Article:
Introducing Situational Approach to Analyzing Grand Strategy: China's Four Encounters with Liberal International Order

Tomás Karasék (Charles University Prague)

December 7, 2018, 14h00

Room 4.3, Faculty of Economics, University of Coimbra


China's grand strategy as a comprehensive framework for guiding and connecting the PRC’s foreign policies is formulated rather vaguely – currently in the form of ‘peaceful development’ and rhetorical variations thereof. But how does it relate to the existing, liberal international order? Does it endorse it, challenge it, or wish to reform it? To provide exact, verifiable answers, the lecture dissects both terms in question. Using the idea that "liberal international order – both its ideas and real-world political formations – is not embodied in a fixed set of principles or practices" (Ikenberry 2009: 71), it assumes that there are in fact a multitude of ‘international orders’ whose existence is essentially situational. Secondly, building on Barnett and Duvall's (2005) typology of power, it suggests that any situation offers China specific opportunities to establish, maintain or increase its influence. Thirdly, it assumes that grand strategy itself should be treated not as a ‘possession’ of a given actor, but rather as a result of a dynamic interplay between the actor’s policies and the environment towards which they are intended. Each of the four selected cases (Korean Peninsula, participation in peacekeeping, relations with Japan in the East China Sea, and the One Belt, One Road initiative) offers a different context for the analysis of situational interaction between China’s implementation of its grand strategy and the surrounding international order, with some counterintuitive and stimulating results concerning China’s strategic choices.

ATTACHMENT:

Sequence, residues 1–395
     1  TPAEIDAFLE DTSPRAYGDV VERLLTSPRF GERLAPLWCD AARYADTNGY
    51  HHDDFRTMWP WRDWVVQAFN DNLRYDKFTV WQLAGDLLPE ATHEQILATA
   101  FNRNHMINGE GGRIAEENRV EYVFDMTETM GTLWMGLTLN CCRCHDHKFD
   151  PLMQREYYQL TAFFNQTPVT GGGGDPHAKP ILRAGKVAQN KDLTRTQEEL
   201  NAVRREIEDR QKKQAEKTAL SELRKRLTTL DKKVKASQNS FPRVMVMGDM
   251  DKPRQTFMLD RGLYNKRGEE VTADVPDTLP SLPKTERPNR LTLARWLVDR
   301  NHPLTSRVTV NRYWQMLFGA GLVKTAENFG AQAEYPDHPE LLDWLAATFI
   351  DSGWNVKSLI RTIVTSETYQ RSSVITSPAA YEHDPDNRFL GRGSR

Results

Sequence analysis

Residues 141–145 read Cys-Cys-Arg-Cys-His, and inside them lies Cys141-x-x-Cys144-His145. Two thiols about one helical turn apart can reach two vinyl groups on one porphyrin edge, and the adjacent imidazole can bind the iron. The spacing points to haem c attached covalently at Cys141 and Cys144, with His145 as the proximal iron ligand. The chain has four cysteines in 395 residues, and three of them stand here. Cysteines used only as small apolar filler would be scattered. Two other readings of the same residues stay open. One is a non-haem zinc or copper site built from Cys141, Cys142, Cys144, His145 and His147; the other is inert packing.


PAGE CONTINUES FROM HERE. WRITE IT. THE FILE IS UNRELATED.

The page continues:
Short bio: Prof. Karasék is, since 2004, a lecturer at the Faculty’s Department of International Relations, teaching courses on the resolution of international conflicts, security and integration in Europe, international security and global terrorism. He earned his master degree and Ph.D. in International Relations at the Faculty of Social Sciences, Charles University in Prague (where he also graduated from the Law Faculty). He has been actively involved in research activities and has coordinated several grants on the topic of European security. In 2009 he spent his sabbatical in Shanghai where he taught at the Fudan University. From September 2009 to June 2010 he was a Fulbright scholar at the Saltzman Institute of War and Peace Studies, Columbia University in New York. In September 2010 – August 2013, he was the director of the Association for International Affairs (AMO) Research Center and then worked as Chief Analyst. Since May 2015, he has been a member of AMO Supervisory Board.

Activity within the Doctoral Programme in International Politics and Conflict Resolution [see programme of lectures]